E-statements : do they really save trees?

28 Oct

paperless statementYou must have got those emails, SMS and even calls from your bank, mobile service provider, credit card companies, insurance company and almost every other service company from where you expect a printed statement or bill at the end of the month. It asks you to do your bit for the planet by stopping paper statements and instead opt for the greener email option.

Some of them even go an extra-step to make you feel guilty. A life insurance company tells you that you are not leaving anything for your children by  cutting down forests for your print statements! What do you feel? Or some try to bribe you into accepting paperless statement. Citi offered automatic entry into a sweepstakes – you not only save trees, you may even get enough money for maintaining your garden! My credit card provider offered me 500 reward points if I go green! (1000 reward points can be redeemed for a set of crayon pencils!)

So, does paperless statements really save trees? Atleast the big corporations urging you to do your bit for the earth saves a lot of cash. It is actually a lot of money if you realize in how many ways it reduces costs, enough to pay off that hefty performance pay for their CEO actually. Paper and printing costs for all those statements make up a tidy sum alone. Add to that the mailing costs and the administrative cost to handle the process.

Now, most of the raw material used to produce paper globally comes from comes from recovered paper and the wood waste (such as wood chips and sawdust) left behind from lumber manufacturing. Still, there are other ways to ensure that the necessary bit for conserving the green is done. Most of the renowned paper producing companies have taken up initiatives to restore the forests that they source their raw material from. For example, BILT which is India’s largest paper producer and one of the world’s largest has a well defined environmental policy aimed at reducing waste, conserve natural resources and thus ensuring years of raw material supply for their growth. JK Paper, another leading supplier sources 60% of their raw material from man-made plantations. Responsible billers should ensure that their paper comes from the responsible supplier.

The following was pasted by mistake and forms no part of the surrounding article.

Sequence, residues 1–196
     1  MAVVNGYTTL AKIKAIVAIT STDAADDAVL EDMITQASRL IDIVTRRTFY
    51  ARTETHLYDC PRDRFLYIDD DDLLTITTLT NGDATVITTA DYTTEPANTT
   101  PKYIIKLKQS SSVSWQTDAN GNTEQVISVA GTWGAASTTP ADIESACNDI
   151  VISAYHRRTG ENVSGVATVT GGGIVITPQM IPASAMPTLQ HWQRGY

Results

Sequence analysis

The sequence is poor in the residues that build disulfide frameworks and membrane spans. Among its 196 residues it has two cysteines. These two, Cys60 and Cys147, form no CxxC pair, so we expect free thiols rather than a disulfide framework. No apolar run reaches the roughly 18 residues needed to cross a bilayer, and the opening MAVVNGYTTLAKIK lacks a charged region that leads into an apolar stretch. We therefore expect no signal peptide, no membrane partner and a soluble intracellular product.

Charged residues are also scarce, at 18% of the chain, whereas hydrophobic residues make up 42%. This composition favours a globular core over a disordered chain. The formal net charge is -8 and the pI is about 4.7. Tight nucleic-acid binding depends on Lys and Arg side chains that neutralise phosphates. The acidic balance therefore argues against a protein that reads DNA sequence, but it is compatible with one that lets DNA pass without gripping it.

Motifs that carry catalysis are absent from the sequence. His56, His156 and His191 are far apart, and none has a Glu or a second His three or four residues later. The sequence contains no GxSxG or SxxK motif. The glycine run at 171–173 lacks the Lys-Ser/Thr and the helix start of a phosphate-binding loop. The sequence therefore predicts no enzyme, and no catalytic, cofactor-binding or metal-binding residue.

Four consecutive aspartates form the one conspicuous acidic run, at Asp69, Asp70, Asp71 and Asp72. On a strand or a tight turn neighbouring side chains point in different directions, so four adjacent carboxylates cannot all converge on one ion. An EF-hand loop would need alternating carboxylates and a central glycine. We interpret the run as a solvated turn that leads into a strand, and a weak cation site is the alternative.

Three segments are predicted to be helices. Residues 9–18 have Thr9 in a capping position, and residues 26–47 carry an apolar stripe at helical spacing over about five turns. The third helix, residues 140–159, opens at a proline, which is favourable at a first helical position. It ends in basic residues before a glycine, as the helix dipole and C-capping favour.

We actually need to ask these companies to show us the trees they saved. Was it a peepal or a maple tree? Was it a tropical rainforest or in an ecologically sensitive zone? I saved that tree, so I should be proud of it. Right? Ask for the exact GPS co-ordinates or pin point the tree on Google Earth.

I am not against paperless statements. It has a number of benefits, like easier storage and retrieval.  It is no doubt the way forward with facilities for online payment or ECS saving a lot of time. But e-statements should be opted for their benefits alone and not because it saves the planet. I find these green claims from these socially responsible corporates misleading. Also, often there are instances of complete mismatches in strategy. The same bank that urges customers to go for paperless statements asks for original printed versions of bills as residential proof for opening accounts! Read about a similar experience here.

I choose both e-statements and the old paper statement mailed to my address, both has their advantages. I will let go of the paper option when a company promises to actually go out and plant few trees. And there are some who practises what they preach. Take the example of HSBC who has pledged donate $1 to plant a tree for every customer switching to paperless statements and has partnered a foundation to plant at least 100,000 trees in national forests as part of paperless campaign. Not all of our billers are following the example of HSBC.

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